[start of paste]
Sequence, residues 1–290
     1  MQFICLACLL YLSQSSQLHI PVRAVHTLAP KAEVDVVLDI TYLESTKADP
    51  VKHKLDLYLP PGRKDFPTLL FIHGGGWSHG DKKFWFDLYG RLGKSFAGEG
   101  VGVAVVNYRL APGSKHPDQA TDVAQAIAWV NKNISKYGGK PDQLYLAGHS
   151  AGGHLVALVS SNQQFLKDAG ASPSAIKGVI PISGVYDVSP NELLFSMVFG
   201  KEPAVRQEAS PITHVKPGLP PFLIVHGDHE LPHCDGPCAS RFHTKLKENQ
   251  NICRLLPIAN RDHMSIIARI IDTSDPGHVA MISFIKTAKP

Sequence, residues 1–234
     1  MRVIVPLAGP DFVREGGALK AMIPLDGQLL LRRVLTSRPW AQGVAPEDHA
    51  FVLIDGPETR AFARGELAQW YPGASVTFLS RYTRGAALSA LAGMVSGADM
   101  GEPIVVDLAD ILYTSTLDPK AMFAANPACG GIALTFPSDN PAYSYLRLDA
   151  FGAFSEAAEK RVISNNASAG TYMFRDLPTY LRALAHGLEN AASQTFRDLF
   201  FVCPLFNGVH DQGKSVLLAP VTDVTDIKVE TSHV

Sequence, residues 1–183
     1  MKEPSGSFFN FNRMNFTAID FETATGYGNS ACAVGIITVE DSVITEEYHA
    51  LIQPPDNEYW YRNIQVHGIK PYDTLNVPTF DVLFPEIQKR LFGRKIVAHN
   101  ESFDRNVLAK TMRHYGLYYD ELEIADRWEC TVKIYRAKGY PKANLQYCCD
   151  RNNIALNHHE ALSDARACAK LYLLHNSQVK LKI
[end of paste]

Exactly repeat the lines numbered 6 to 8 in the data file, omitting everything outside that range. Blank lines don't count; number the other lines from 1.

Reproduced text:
   201  KEPAVRQEAS PITHVKPGLP PFLIVHGDHE LPHCDGPCAS RFHTKLKENQ
   251  NICRLLPIAN RDHMSIIARI IDTSDPGHVA MISFIKTAKP

Sequence, residues 1–234